Statue of Our Lady of Alsemberg
The Belgian town of Alsemberg has been a place of pilgrimage since the middle of the thirteenth century. The object of veneration is a Romanesque statue of the Blessed Virgin as the Sedes Sapientiae, or Seat of Wisdom.
The shrine of Our Lady of Alsemberg is one of the oldest places of pilgrimage in Belgium. There have always been strong links between the shrine and the Duchy of Brabant. That is why the church of Alsemberg is referred to as the ‘Ducal church of Our Lady.’
In 1640, the statue of Our Lady of Alsemberg was seriously deformed. In those times, it was a fashion to dress statues of the Virgin in Spanish royal dress. In order to do so, the Child and the knees of the Virgin were cut off the statue. This was necessary to make the dress hang even. In 1891 the statue was restored to its original condition.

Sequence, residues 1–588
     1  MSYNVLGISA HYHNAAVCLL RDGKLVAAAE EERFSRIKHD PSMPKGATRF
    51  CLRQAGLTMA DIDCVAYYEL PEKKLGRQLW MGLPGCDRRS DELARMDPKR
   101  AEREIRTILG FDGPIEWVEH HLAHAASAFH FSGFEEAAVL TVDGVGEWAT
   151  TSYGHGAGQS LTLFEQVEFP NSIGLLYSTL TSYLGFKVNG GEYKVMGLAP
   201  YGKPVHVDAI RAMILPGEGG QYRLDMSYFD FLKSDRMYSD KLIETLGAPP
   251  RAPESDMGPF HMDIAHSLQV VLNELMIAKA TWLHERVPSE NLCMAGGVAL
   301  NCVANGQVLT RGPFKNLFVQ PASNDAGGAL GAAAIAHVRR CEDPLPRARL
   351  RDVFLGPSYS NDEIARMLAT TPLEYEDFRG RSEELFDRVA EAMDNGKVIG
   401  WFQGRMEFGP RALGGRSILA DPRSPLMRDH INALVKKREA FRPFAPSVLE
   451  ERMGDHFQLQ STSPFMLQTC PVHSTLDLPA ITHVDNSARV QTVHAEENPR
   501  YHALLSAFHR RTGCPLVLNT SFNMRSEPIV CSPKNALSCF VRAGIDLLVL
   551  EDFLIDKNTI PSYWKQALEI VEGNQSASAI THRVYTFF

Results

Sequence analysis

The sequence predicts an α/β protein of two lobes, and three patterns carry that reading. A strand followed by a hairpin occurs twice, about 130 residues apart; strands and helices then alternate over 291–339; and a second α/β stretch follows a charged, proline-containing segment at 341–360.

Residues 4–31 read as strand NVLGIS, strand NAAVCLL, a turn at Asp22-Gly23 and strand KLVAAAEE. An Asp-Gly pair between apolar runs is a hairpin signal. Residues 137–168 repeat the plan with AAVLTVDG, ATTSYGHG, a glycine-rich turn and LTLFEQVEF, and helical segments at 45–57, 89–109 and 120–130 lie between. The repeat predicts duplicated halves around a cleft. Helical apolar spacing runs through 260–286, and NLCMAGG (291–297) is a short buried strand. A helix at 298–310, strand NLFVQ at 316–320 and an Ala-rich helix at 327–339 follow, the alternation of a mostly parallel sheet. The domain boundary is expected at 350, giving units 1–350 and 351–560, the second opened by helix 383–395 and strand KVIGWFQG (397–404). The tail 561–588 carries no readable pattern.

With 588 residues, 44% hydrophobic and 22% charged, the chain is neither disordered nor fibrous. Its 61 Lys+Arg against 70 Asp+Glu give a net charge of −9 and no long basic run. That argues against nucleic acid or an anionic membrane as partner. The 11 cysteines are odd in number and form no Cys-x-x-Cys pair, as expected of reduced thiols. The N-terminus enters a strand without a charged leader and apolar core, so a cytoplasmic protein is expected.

During several wars the statue was taken from the church of Alsemberg and placed in the church of St. Mary Magdalene in Brussels for safety reasons. In the French-Spanish war of 1689 for instance, the statue was brought to Brussels. When the war had ended, it was carried from Brussels to Alsemberg in a solemn procession. Belgian Cardinal Van Roey crowned the statue on behalf of Pope Pius XI in 1934.
Our Lady of Alsemberg is venerated under the title Star of the Sea. The town of Alsemberg lies in the centre of Belgium. This has caused much speculation as to why Mary is venerated here under such a title. An ancient legend reports that the North Sea once reached up to the town and that Alsemberg (berg = mountain or hill) looked out over the sea. However, it is more likely that the medieval people were inspired by the hymn Ave Maris Stella (Hail, Star of the Sea).